There’s been a lot of talk about Aesop Rock ever since his early internet distributed discs, Music For Earthworms and Appleseed. With the release of Float, courtesy of New York abstract label, Mush, the buzz grew bigger and bigger, constantly selling out of record stores everywhere. Followed by an arguably classic album, Labor Days, everything came full circle, with hip-hop’s definitive (Jux) stamp of approval.
As major labels are left with about 3 emcees that can actually rhyme and make hit records, the signing of actual hip-hop artists may diminish within the next few years. That being the case, Aesop Rock is a part of what is and will be hip-hop music and culture’s next manifestation (don’t front). Certainly we’ve seen this kind of thing before – strange, introverted white fellas with a lot to say once they get in the studio - whether it be Sage Francis, Sole, or Slug - it’s hip-hop that challenges the brain, and makes poignant social commentary in the process. When people are sick of the everyrapper, the types with no other choice but to rhyme, (and no other choice what to rhyme about – sex, guns, & drugs), Aesop Rock is the light at the end of the tunnel.
Easy to swallow? No, this isn’t a Jay-Z record, or even a Common record, for that matter. But it’s worth deciphering for it’s ingenious concepts and rhymes that parody themselves, with laugh-out loud moments throughout. Spitting syllables twice the speed of the drum, Aesop Rock hits you with shit-talk extraordinaire, condescending asshole braggadocio, with rhymes rooted in graduating past teen-angst only to enter the blue-collar workforce. He’s the manifestation of every pissed off nerd that ever was made fun of, knowing the exact thing to say at the exact time.
The Daylight EP expands on the “wake-work-sleep” cycle first explored on his Labor Days full-length. The title track, “Daylight”, is a sentiment to Aesop’s individuality (“I’ll I ever wanted was to pick apart the day, put the pieces back together my way”), and is taken from the Labor Days full-length, and is at times, a little too complex, despite some classic moments and perfect emcee/producer meshing. But the nickel is flipped on “Night Light”, a perversion of the original, (with an evil-evolving beat by Blockhead), where Aesop flips virtually every line from “Daylight” into a much more sinister scheme. Meanwhile, the El-P produced “Nickel Plated Pockets” takes a photo of his Bronx lifestyle, as he’s “walking to the store with a pocket full of nickels, in a city full of World Trade Center victim candle vigils”, and is filled to the brim with hip-hop quotables. Things get even more fun on “Bracket Basher” over Aesop’s own nasty production, as well as “Alchemy”, a heavy Blueprint banger where Aesop Rock competes with Illogic to see who can come off as the bigger asshole. Seven tracks listed, the disc’s crowning achievement is actually the eighth secret track “1 of 4″, where Aesop gets personal, and thanks four people who saved his life.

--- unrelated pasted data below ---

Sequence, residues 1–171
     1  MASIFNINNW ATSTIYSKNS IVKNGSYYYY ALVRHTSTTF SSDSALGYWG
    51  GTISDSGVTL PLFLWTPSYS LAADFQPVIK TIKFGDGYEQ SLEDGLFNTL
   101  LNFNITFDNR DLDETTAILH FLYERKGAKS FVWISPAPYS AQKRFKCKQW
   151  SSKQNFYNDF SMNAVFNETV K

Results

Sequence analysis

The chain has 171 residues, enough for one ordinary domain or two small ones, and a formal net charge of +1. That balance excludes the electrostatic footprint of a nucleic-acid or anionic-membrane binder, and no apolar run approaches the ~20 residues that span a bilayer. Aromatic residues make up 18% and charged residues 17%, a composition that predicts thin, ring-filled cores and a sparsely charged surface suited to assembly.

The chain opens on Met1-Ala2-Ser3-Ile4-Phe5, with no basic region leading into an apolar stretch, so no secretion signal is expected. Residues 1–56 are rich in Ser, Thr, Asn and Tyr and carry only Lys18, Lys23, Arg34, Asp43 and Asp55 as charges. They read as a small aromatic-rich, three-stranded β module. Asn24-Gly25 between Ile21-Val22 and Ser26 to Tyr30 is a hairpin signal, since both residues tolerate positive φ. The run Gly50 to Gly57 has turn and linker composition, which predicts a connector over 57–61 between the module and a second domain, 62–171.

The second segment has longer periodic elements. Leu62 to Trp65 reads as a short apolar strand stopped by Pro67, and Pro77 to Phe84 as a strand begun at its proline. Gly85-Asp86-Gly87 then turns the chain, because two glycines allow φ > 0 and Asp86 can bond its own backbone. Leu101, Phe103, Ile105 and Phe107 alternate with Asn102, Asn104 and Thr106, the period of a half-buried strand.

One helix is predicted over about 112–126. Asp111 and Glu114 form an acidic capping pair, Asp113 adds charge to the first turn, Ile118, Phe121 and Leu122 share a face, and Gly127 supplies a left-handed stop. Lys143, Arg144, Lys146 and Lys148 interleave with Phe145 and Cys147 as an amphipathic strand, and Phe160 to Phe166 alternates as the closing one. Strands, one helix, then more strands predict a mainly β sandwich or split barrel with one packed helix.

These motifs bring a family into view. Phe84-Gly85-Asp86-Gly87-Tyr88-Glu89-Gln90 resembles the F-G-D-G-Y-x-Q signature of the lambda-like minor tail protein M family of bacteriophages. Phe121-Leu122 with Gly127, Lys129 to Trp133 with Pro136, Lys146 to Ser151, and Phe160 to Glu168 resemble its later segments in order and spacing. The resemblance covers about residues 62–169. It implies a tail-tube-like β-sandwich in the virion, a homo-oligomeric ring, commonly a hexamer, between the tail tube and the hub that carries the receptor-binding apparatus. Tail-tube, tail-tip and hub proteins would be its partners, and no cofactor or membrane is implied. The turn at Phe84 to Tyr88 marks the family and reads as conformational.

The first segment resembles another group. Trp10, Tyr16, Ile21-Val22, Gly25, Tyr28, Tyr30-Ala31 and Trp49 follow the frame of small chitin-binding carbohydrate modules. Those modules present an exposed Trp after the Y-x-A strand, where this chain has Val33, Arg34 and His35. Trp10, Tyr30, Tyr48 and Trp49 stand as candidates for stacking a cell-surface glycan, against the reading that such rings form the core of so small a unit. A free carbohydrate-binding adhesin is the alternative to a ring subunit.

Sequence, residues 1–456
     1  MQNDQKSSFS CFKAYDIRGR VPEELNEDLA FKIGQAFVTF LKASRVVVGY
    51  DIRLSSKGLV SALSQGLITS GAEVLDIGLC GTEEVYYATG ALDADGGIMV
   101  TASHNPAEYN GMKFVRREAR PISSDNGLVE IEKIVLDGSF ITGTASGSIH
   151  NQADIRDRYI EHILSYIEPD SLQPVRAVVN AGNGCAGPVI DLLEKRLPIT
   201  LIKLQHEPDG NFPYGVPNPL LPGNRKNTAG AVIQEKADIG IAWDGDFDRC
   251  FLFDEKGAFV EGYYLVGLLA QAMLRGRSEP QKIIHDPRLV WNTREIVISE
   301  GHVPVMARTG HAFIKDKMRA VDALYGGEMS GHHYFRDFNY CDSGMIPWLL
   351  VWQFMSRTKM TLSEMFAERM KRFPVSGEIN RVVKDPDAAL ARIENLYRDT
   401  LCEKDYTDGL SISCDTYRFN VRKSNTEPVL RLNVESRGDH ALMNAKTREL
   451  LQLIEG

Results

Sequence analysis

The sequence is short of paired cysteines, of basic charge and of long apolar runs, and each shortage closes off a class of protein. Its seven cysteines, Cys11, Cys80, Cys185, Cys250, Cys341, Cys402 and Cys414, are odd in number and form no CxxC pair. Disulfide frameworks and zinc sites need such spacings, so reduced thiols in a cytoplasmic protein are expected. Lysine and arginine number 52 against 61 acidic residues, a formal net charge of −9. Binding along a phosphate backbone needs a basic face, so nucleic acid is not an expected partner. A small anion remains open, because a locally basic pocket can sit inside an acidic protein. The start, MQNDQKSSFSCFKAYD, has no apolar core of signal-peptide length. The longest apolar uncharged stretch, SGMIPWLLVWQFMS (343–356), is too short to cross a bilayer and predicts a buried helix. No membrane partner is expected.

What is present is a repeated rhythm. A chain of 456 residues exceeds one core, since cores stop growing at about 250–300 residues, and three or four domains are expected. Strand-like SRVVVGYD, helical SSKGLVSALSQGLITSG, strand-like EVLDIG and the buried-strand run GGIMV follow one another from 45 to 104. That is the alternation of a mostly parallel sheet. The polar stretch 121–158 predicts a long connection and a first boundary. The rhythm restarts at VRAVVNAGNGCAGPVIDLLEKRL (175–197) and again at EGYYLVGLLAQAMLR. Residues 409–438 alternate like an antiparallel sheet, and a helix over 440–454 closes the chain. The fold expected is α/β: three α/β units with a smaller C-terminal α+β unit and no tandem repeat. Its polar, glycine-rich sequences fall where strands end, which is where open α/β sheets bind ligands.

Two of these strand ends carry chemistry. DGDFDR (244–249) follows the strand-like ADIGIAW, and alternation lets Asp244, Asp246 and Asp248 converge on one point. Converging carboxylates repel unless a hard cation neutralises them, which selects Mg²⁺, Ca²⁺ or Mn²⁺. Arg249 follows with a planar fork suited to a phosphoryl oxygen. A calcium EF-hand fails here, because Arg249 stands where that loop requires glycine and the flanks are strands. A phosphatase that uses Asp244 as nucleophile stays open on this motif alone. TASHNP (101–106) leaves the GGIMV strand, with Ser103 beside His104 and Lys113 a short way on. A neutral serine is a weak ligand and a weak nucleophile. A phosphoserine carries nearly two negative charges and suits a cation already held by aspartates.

While Aesop has said to friends that he isn’t pleased with his older material, this tightly packaged eight song EP could perhaps be his best introduction yet, becoming a more straightforward and aggressive emcee. He’s even more focused on this EP, integrating himself into the Definitive Jux camp, getting inside the inside-jokes. While still this type of personality may turn some listeners away, the core fans will laugh with him. He is quoted on this album as saying “If this means anything anyway at all, it’s a riddle” or “I’d be lying if I said I knew what it all meant.” But damn it comes out fresh.
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